The long-term physical evolution of astrophysical discs can be described by a fundamental equation used in quantum mechanics – raising the possibility that we should stop talking about Schrödinger’s cat and talk instead about Schrödinger’s universe.

In a paper published in the *Monthly Notices of Royal Astronomical Society*, California Institute of Technology planetary scientist Konstantin Batygin reveals that in refining an astrophysical modelling technique known as perturbation theory he discovered Schrödinger’s equation – the maths that describes quantum effects within an atomic-level system. He describes the finding as “astonishing”.

The discovery emerged because Batygin was researching ways to accurately describe the movement of bodies in space over time – an extremely challenging task.

On the biggest, broadest level, systems in space can be described as big things orbited by a host of smaller things. Black holes are orbited by swarms of stars, and the stars are orbited by swarms of rock, including planets.

The gravitational forces experienced by the object in the middle of any such configuration and the smaller things surrounding it mean that over time the orbiting objects form coalesce into a flat disc. However, over longer periods of time, the state of these discs is not constant: over huge distances that can stretch to hundreds of light-years, they warp and deform.

The question of how these warps develop, and how they then continue to fluctuate, is one of the biggest challenges facing astrophysics. In part this is because the complexity of the calculations required defeat either the capabilities of the computers used to model them – or the budgets of the academics who try.

To attempt an end-run around the problem, Batygin turned to a branch of mathematics called perturbation theory. It is an approach used in many fields and holds that (*a la* Plato) any given real-life system can be modelled into a similar but “ideal” alternative. From there, individual parameters can be altered, and the results calculated.

Perturbation theory was born out of celestial mechanics, and developed to solve the “three-body problem” – the challenge involved in accurately describing the movements of three mutually attracted objects (such as the Sun, Earth and Moon) when considered as a system.

Using perturbation theory to describe the orbits of smaller bodies around large ones in space required Batygin to posit all objects in each specific orbit as a single entity and “smear” them into the form of a concentric ring, or wire. In the model, each such ring exhibited the same gravitational force as the combined individual objects, but uniformly distributed.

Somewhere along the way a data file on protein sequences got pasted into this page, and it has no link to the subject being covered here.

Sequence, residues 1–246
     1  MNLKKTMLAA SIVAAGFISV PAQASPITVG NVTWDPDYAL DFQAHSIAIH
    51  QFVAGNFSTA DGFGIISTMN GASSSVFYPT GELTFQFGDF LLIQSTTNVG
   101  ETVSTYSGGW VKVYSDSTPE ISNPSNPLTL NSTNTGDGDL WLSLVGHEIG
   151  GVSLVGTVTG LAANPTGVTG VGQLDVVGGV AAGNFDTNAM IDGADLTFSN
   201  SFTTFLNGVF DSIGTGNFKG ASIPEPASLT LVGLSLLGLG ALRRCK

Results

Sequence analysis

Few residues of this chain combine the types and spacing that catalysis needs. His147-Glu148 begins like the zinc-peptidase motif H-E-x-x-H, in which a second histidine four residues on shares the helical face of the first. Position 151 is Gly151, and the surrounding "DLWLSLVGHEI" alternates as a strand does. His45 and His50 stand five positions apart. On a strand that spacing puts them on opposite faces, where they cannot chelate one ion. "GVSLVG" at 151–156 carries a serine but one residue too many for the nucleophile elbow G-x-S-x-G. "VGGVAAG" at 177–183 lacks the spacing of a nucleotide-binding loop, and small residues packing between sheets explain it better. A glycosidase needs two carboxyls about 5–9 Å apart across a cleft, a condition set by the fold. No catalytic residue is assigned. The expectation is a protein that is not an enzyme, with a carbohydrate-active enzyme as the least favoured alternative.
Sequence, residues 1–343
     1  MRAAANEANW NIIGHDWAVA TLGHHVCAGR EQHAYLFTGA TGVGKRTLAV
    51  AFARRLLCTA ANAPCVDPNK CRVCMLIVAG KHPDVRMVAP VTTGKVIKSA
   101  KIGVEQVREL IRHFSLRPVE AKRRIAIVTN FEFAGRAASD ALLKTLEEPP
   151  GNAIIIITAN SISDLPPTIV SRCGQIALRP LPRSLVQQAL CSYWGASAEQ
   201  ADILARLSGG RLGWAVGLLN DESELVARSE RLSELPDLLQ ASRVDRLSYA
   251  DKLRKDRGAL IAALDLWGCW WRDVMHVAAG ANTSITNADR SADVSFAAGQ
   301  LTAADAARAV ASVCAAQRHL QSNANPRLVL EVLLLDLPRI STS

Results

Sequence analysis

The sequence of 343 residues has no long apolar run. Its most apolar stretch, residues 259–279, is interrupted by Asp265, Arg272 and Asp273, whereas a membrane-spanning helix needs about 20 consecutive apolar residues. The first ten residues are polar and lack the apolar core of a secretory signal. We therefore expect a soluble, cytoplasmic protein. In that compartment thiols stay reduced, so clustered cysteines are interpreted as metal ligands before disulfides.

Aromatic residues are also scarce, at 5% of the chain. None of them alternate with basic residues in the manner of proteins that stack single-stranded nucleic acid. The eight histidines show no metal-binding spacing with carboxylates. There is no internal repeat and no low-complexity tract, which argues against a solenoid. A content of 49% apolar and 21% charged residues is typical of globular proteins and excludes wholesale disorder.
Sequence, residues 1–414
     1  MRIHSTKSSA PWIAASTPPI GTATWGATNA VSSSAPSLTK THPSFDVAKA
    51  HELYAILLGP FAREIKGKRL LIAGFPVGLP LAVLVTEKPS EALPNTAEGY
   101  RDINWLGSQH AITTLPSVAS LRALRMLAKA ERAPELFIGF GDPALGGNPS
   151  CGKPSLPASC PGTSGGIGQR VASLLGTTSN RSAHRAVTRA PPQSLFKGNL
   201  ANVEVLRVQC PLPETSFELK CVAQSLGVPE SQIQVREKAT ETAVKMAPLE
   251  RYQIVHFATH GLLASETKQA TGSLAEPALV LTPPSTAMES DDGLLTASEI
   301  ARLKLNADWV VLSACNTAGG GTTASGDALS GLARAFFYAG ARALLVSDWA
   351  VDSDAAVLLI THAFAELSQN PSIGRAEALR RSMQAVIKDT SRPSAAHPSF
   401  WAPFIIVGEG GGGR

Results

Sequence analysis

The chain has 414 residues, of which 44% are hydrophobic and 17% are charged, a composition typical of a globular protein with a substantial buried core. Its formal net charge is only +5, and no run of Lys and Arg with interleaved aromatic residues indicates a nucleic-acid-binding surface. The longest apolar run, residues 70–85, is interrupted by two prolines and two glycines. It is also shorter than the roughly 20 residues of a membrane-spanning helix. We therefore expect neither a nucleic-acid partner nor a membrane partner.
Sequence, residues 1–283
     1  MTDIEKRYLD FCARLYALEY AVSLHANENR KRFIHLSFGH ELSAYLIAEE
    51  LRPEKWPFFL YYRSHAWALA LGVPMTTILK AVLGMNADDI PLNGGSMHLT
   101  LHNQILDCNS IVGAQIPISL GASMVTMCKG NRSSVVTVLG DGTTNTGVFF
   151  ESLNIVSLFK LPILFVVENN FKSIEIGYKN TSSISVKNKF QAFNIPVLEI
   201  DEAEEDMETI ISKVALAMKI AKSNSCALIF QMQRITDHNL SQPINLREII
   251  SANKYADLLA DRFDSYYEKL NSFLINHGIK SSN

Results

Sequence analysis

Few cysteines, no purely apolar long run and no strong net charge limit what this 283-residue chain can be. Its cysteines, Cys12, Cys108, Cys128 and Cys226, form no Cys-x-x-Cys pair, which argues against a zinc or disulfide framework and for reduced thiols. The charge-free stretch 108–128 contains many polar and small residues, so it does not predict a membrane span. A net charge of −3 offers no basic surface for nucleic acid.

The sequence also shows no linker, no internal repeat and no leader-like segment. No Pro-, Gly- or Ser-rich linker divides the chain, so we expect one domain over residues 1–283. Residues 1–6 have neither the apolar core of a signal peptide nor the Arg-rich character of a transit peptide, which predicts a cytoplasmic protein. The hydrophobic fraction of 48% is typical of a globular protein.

In such an approach, the solar system, for instance, would be represented by the sun, followed by a wire ring for each planet, plus others for the asteroid belt and Kuiper belt. Computer simulations representing millions of years showed that these rings behaved in ways that closely mirrored the behaviour of the real composite disc surrounding the sun.

Batygin then started refining the model, realising that he could portray any astrophysical system as a centre surrounded by ever more numerous, but ever thinner, wires until, inevitably, the wires blended into a single plane.

“Eventually, you can approximate the number of wires in the disk to be infinite, which allows you to mathematically blur them together into a continuum,” he says. “When I did this, astonishingly, the Schrödinger equation emerged in my calculations.”

This was a surprise, because the equation was thought to be only applicable to phenomena occurring on a quantum scale. It is used to describe one of the most bizarre aspects of quantum mechanics – the way in which subatomic particles behave simultaneously like particles and waves, a condition known as “wave-particle duality”.

“This discovery is surprising because the Schrödinger equation is an unlikely formula to arise when looking at distances on the order of light-years,” says Batygin. {%recommended 5280%}

“The equations that are relevant to subatomic physics are generally not relevant to massive, astronomical phenomena. Thus, I was fascinated to find a situation in which an equation that is typically used only for very small systems also works in describing very large systems.”

The finding means that from one approach at least the smallest things in the universe – subatomic particles – and the largest things in the universe – galaxies surrounding supermassive black holes – can be said to share wave-particle duality.

And although the initial emergence of Schrödinger’s famous maths from astrophysical calculations surprised Batygin, he says he has now had sufficient time to come to terms with it, and can see a certain inevitability to what he found.

“Fundamentally, the Schrödinger equation governs the evolution of wave-like disturbances,” he says.

“In a sense, the waves that represent the warps and lopsidedness of astrophysical disks are not too different from the waves on a vibrating string, which are themselves not too different from the motion of a quantum particle in a box. In retrospect, it seems like an obvious connection, but it’s exciting to begin to uncover the mathematical backbone behind this reciprocity.”

The paper represents the second startling supposition made by the researcher.

In 2016 and 2017, he was co-author on a number of papers that suggested peculiar orbits in Kuiper belt object orbits could best be explained by the presence of a so-far-undiscovered planet that he dubbed Planet Nine.

### Andrew Masterson

Andrew Masterson is a former editor of Cosmos.

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